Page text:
m82labs   about   posts   categories   feed

EXISTS Optimizations

by Mark Wilkinson · February 24, 2015

If you’ve done any amount of SQL development, you’ve probably seen an EXISTS clause. It might have been part of an IF statement, or a WHERE clause, but I’m sure you’ve seen it, and maybe used it yourself. One thing you’ll notice is that all developers have their own way of writing it. Some developers swear by ... EXISTS( SELECT 1 ..., another might use ... EXISTS( SELECT TOP(1) * .... So what’s the deal? Which method is best?

The Setup

First things first, lets see some of the different variations of the EXISTS clause, then we’ll take a look at the execution plans and see what’s going on behind the scenes.

*** For these demo scripts we’ll be using the AdventureWorks database.

Ex. 1: SELECT *

SELECT
    a.FirstName,
    a.LastName
FROM Person.Person AS a
WHERE EXISTS (
    SELECT  *
    FROM    HumanResources.Employee AS b
    WHERE   a.BusinessEntityID = b.BusinessEntityID
            AND a.LastName = 'Johnson'
    );

Ex. 2: SELECT TOP(1) *

SELECT
    a.FirstName,
    a.LastName
FROM Person.Person AS a
WHERE EXISTS (
    SELECT  TOP(1) *
    FROM    HumanResources.Employee AS b
    WHERE   a.BusinessEntityID = b.BusinessEntityID
            AND a.LastName = 'Johnson'
    );
GO

Ex. 3: SELECT TOP(1) with defined column

SELECT
    a.FirstName,
    a.LastName
FROM Person.Person AS a
WHERE EXISTS (
    SELECT  TOP(1) b.BusinessEntityID
    FROM    HumanResources.Employee AS b
    WHERE   a.BusinessEntityID = b.BusinessEntityID
            AND a.LastName = 'Johnson'
    );
GO

Ex. 4: SELECT 1

SELECT
    a.FirstName,
    a.LastName
FROM Person.Person AS a
WHERE EXISTS (
    SELECT	1
    FROM	HumanResources.Employee AS b
    WHERE	a.BusinessEntityID = b.BusinessEntityID
            AND a.LastName = 'Johnson'
    );
GO

I’m sure there are more examples, but this will be enough for our purposes here. Let’s take a look at the plans and io stats for these queries now and see how each performed.

The Plans

Below is the plan for the first query in our list. Nothing too exciting here:

Query Plan

IO Stats

Scan Count Logical Reads Physical Reads
2 6 0

The interesting thing happens when we take a look at the other query plans. Because of optimizations to the EXISTS clause, all 4 of these queries have an identical execution plan (other that the statement text included in the plan XML of course). From these tests it would seem that the optimizer doesn’t care what you select, it’s just looking at the query predicates to determine if something exists.

That sounds fine and good, but what if we make things a little more complicated? Here we are going to create a function that does some pointless work:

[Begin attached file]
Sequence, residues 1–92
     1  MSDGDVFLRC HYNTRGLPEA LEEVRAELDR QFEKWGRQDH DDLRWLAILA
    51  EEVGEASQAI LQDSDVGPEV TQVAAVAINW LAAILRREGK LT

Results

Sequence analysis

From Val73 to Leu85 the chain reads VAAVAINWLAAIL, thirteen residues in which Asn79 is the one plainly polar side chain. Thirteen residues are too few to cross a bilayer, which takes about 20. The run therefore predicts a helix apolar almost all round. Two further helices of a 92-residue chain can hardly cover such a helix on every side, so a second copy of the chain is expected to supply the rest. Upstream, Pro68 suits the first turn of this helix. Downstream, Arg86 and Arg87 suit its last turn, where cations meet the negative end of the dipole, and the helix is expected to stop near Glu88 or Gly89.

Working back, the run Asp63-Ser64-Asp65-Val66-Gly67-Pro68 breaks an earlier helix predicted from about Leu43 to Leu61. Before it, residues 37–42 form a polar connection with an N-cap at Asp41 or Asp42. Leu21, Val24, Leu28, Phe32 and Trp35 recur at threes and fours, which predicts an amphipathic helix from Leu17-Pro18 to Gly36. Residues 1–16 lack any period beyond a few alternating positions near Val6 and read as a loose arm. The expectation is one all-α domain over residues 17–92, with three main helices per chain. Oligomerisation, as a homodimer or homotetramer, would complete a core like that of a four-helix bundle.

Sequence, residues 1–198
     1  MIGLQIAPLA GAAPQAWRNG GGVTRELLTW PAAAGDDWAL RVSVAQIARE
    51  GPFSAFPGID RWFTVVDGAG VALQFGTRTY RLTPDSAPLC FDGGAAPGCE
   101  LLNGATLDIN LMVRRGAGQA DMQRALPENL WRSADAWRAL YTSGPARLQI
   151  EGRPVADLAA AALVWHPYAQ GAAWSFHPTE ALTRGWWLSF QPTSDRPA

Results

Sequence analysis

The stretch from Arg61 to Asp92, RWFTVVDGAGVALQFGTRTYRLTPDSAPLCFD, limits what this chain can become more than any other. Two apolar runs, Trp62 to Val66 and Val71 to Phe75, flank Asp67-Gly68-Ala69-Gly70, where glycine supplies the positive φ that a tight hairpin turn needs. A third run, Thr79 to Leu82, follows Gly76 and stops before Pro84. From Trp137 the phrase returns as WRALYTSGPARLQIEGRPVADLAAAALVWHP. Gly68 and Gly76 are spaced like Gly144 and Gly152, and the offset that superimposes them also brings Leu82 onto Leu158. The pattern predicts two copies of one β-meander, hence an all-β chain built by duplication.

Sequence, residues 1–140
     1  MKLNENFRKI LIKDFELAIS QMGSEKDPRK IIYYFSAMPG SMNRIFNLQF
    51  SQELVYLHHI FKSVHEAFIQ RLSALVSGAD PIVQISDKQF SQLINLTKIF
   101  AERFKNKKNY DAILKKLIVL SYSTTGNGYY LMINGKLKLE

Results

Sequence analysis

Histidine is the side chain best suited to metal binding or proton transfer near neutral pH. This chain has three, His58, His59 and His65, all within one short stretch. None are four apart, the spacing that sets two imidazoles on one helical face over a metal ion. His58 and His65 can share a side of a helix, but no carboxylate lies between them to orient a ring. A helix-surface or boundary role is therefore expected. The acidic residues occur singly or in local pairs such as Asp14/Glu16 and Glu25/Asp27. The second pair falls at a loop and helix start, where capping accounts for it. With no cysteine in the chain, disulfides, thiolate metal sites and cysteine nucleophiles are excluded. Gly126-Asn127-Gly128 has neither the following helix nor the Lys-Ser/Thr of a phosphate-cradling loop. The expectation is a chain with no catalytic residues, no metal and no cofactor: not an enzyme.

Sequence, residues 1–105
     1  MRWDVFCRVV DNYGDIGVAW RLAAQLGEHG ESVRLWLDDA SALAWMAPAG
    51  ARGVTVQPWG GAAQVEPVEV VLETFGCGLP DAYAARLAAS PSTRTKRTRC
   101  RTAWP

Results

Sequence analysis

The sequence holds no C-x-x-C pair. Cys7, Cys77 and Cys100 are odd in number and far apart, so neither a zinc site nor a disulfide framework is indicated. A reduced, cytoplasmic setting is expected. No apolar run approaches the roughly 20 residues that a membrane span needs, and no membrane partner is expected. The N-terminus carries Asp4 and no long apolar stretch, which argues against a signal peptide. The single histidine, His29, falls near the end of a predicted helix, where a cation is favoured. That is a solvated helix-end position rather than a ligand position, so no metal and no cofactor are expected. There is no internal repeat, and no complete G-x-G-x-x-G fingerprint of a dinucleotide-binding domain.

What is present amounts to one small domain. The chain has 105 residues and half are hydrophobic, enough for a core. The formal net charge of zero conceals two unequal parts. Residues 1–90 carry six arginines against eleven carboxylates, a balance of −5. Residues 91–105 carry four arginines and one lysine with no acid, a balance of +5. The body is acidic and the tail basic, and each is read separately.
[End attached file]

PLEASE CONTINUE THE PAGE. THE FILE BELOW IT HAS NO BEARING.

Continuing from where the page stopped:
ALTER FUNCTION fnWaitForSomeTime( @num INT )
RETURNS INT
AS
BEGIN
    DECLARE @count_num INT;
    DECLARE @loop_i INT = 0;

    WHILE ( @loop_i < @num )
    BEGIN
        SET @count_num = (SELECT COUNT(*) FROM sys.columns);
        SET @loop_i += 1;
    END
    RETURN ABS(CHECKSUM(@count_num))
END

To test this function I ran the following:

SELECT TOP(1000)
    dbo.fnWaitForSomeTime(10000)
FROM
    HumanResources.Employee AS b

On my system this ran for 60 seconds before I stopped it. So what happens if we add this to our EXISTS? What if we also add a CPU heavy ORDER BY?

SELECT
    a.FirstName,
    a.LastName
FROM Person.Person AS a
WHERE EXISTS (
    SELECT TOP(1000)
        dbo.fnWaitForSomeTime(10000)
    FROM
        HumanResources.Employee AS b
    WHERE
        a.BusinessEntityID = b.BusinessEntityID
        AND a.LastName = 'Johnson'
    ORDER BY
        HASHBYTES('MD5',CAST(CHECKSUM(NEWID()) AS varbinary))
    );
GO

Lets see the plan:

Query Plan

Notice anything familiar? Again we have the exact same plan. If you run this script yourself you’ll see that it also takes the same amount of time to execute as the rest.

To take this a little further, lets try something we know shouldn’t work (Thanks Kenneth Fischer for this great example!):

SELECT
    a.FirstName,
    a.LastName
FROM Person.Person AS a
WHERE EXISTS (
    SELECT  1/0 -- <---- What?!
    FROM    HumanResources.Employee AS b
    WHERE   a.BusinessEntityID = b.BusinessEntityID
            AND a.LastName = 'Johnson'
    );
GO

Again, same plan, same execution time, and no error. This example just further illustrates that the optimizer doesn’t care what you are selecting in an EXISTS clause, it only cares about the predicate.

Conclusion

We looked at a few variations of the EXISTS clause, and then saw how SQL Server handles them. Due to some nice optimizations SQL seems to do the least amount of work possible to check if something exists. This means that it is really up to you and your team to decide which is the most readable.

Personally I like to avoid * whenever I can, even if it doesn’t cause a performance hit, so I tend to use the syntax in example 4 ... EXISTS( SELECT 1 ....